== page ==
End of a honeymoon
Troglitazone, meanwhile, was launched in the UK by Glaxo Wellcome in October 1997, and seemed set to become a global best-seller. The honeymoon was brief, for Glaxo Wellcome, alarmed to receive notification from the USA and Japan of 135 cases of serious liver toxicity and six deaths, voluntarily withdrew troglitazone with effect from 1 December 1997 . The accompanying statement said that ‘based on present information, the risks of troglitazone therapy outweigh the potential benefits’. Warner-Lambert shares fell by 18.5%, but rallied when it became apparent that the drug would remain on the US market (Fig. 1). The UK was the reporting country for European regulatory approval, and the knock-on effect of this action was such that only Japanese and US citizens were exposed to any further risk relating to the drug.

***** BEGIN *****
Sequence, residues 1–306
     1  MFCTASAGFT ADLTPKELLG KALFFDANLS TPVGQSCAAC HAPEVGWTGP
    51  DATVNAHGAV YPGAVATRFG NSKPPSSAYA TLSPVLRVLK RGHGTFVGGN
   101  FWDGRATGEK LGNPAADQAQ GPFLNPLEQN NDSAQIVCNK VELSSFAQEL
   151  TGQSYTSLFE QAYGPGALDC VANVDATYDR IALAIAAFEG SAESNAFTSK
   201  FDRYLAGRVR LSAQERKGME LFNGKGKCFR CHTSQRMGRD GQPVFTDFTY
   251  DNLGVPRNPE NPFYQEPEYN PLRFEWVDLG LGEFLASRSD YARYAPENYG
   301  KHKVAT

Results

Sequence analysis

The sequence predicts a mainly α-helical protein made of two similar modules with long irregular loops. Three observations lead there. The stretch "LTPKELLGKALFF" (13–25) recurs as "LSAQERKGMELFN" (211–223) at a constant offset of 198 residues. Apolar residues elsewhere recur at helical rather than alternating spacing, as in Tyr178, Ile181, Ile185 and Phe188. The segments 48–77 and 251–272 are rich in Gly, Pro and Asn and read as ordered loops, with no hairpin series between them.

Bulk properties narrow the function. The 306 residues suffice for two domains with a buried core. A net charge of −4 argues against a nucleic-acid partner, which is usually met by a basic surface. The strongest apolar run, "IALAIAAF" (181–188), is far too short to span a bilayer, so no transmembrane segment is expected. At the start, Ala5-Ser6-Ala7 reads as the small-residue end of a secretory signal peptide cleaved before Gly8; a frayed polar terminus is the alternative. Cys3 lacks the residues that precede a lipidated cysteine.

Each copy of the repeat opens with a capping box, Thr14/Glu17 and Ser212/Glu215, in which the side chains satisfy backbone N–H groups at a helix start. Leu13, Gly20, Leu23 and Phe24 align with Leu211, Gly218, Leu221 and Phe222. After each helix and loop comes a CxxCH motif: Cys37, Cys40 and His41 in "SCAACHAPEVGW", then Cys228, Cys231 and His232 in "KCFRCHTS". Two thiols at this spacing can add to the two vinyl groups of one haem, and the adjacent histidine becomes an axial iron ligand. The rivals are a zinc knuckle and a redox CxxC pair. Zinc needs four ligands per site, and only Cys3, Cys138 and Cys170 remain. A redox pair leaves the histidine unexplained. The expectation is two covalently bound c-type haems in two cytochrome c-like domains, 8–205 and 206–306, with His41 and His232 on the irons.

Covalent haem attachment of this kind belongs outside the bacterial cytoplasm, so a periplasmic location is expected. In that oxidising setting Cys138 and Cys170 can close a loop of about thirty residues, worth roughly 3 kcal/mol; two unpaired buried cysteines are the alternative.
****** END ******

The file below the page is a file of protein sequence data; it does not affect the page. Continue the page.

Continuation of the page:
Sidney M. Wolfe of Public Citizen’s Health Research Group wrote to the FDA on 14 March 2000 requesting investigation of the charge that data on liver toxicity, available to the company on 3 February 1997 (before marketing began), were not submitted to the FDA until October 21st, although federal law required that such data be submitted within 15 days . The company responded that these data were on the product label, and must therefore have been submitted to the FDA . What seems clear is that information released by the company in October 1997, including news of the first deaths in Japan, came as a shock to Glaxo Wellcome and prompted the withdrawal of troglitazone from the UK market. It also triggered alarm at the FDA, and resulted in a series of labelling changes in which physicians were advised to monitor liver function up to ten times in the first year of treatment, despite the unlikelihood that this could be achieved in practice . On the day troglitazone was withdrawn in the UK, Parke-Davis and the FDA issued a ‘Dear Healthcare Professional’ letter in the USA, which concluded ‘you will be reassured to know that the additional reports received since early November do not indicate a greater frequency of liver injury or potential for serious harm than had been previously estimated’ . Confirmation of a serious health risk can rarely have been presented in such a positive manner.